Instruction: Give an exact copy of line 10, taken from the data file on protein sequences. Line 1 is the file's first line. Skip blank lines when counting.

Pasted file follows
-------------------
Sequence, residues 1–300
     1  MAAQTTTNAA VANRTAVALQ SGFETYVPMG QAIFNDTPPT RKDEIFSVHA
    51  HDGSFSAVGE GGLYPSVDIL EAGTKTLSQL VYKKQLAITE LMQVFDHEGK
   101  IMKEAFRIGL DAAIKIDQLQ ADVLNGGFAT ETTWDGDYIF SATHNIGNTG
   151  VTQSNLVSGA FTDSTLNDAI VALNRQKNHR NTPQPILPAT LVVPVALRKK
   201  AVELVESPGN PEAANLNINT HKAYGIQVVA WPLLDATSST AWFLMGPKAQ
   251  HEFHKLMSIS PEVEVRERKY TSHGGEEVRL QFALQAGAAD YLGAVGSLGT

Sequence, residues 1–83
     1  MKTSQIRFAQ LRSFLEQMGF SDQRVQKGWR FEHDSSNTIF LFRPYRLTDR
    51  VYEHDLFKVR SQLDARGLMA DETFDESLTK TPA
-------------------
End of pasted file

    51  VYEHDLFKVR SQLDARGLMA DETFDESLTK TPA